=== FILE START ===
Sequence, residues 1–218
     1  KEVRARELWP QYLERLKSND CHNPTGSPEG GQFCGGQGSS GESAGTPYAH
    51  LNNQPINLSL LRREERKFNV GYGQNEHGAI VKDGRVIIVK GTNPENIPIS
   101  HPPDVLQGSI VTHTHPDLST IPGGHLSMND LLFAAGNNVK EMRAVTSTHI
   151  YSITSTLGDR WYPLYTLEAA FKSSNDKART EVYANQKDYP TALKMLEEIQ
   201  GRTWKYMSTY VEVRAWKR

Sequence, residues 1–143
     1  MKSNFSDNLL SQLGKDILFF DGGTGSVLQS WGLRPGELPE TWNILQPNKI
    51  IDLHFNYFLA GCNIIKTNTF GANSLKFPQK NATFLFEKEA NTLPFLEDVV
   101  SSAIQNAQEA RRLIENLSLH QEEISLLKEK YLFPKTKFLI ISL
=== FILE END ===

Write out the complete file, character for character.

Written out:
Sequence, residues 1–218
     1  KEVRARELWP QYLERLKSND CHNPTGSPEG GQFCGGQGSS GESAGTPYAH
    51  LNNQPINLSL LRREERKFNV GYGQNEHGAI VKDGRVIIVK GTNPENIPIS
   101  HPPDVLQGSI VTHTHPDLST IPGGHLSMND LLFAAGNNVK EMRAVTSTHI
   151  YSITSTLGDR WYPLYTLEAA FKSSNDKART EVYANQKDYP TALKMLEEIQ
   201  GRTWKYMSTY VEVRAWKR

Sequence, residues 1–143
     1  MKSNFSDNLL SQLGKDILFF DGGTGSVLQS WGLRPGELPE TWNILQPNKI
    51  IDLHFNYFLA GCNIIKTNTF GANSLKFPQK NATFLFEKEA NTLPFLEDVV
   101  SSAIQNAQEA RRLIENLSLH QEEISLLKEK YLFPKTKFLI ISL